Young Gay Men and Black Gay Men Aren’t Staying on HIV Treatment

New study reveals less than 50 percent of HIV positive gay men are receiving treatment

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Recent analysis from the Centers for Disease Control and Prevention shows that only half (49.5 percent) of gay and bisexual men diagnosed with HIV in the United States are receiving treatment for their infection. And just 42 percent have achieved viral suppression – meaning their virus is under control at a level that helps keep them healthy and also greatly reduces their risk of transmitting HIV to others.

The findings – based on 2010 data and published recently in CDC’s Morbidity and Mortality Weekly Report – underscore the need for improvements at each stage of HIV care, from diagnosis to retention in care and support for treatment adherence.  

An HIV/AIDS prevention specialist with the CDC says this shows one of the most powerful tools to protect health and prevent HIV treatment is reaching only a fraction of gay men who need it.

“The findings underscore the need for improvements at each stage of HIV care, from diagnosis to retention in care and support for treatment adherence,” Richard Wolitski, Ph.D, Lead Behavioral Scientist, Division of HIV/AIDS Prevention, CDC told SFGN.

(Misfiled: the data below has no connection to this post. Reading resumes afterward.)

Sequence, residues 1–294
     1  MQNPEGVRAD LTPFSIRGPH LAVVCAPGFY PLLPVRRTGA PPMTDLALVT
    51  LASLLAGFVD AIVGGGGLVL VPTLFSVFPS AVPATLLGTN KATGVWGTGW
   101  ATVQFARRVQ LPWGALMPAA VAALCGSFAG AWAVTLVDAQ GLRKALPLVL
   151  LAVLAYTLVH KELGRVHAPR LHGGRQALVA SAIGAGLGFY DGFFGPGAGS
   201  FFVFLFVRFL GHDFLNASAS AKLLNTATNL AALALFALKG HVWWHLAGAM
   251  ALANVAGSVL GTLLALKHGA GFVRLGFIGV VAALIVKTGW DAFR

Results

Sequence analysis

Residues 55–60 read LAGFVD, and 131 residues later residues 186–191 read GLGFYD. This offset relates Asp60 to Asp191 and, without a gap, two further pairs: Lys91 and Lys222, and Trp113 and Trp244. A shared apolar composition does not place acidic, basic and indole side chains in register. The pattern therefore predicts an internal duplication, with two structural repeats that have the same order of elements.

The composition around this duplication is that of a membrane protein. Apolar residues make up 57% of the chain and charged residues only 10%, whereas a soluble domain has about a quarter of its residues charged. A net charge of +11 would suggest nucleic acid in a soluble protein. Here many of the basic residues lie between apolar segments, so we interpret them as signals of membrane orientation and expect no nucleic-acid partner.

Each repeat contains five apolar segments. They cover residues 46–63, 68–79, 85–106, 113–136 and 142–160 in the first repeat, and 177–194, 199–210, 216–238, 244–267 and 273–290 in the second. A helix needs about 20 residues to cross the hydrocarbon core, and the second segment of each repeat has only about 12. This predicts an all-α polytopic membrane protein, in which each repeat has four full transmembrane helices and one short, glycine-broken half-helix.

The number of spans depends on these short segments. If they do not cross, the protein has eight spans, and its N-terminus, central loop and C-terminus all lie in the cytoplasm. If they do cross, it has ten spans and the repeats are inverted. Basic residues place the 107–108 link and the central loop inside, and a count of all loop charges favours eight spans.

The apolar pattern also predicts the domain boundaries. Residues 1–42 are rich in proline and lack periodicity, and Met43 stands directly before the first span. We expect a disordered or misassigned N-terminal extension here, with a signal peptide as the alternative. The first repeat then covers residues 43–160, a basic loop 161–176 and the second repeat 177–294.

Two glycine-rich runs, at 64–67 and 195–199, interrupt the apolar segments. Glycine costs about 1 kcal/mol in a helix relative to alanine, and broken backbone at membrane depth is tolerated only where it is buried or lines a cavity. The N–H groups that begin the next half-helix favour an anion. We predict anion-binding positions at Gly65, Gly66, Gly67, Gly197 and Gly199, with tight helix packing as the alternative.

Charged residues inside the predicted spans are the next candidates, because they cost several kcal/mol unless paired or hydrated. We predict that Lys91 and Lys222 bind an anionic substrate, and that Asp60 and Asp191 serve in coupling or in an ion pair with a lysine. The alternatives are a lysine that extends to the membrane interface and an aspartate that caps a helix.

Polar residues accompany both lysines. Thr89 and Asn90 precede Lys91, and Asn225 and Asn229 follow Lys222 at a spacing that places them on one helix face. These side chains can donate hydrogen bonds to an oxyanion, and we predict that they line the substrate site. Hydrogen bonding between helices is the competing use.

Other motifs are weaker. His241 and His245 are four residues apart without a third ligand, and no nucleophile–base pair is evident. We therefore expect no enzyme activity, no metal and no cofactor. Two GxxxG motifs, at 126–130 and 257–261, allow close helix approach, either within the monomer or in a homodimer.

In a released statement, Dr. Jonathan Mermin, director of CDC’s National Center for HIV/AIDS, Viral Hepatitis, STD, and Tuberculosis Prevention, said, “It’s unacceptable that treatment, one of our most powerful tools for protecting people’s health and preventing new HIV infections, is reaching only a fraction of gay men who need it.”

The report reveals disparities in care for young gay men and black gay men:

  • Overall, among MSM diagnosed with HIV, three-quarters (77.5 percent) were linked to care within three months of diagnosis, but only half (50.9 percent) were retained in care. In large part because many were not in care, fewer than half of MSM diagnosed with HIV (49.5 percent) were prescribed antiretroviral therapy and only 42 percent achieved viral suppression. 
  • While 71 percent of young (aged 13-24) MSM diagnosed with HIV were linked to care, only 45.7 percent were retained in care. Largely as a result, fewer than one-third (30.5 percent) of those aged 18-24 (the most comparable age group for which data are available) were prescribed antiretroviral therapy, and just one-quarter (25.9 percent) achieved viral suppression (vs. 42 percent of MSM overall).
  • While 72 percent of black MSM diagnosed with HIV had been linked to care, only 46 percent were retained in care. Largely as a result, fewer than half (47.1 percent) of black MSM were prescribed antiretroviral therapy and just 37 percent achieved viral suppression (vs. 44 and 42 percent of white and Hispanic MSM, respectively).

The findings suggest that age-and race-related disparities in care and treatment may play a key role in the disproportionate burden of new HIV infections among young and African-American gay and bisexual men. High prevalence of HIV within these communities, coupled with low rates of viral suppression, means people in these groups are at higher risk of infection with every sexual encounter.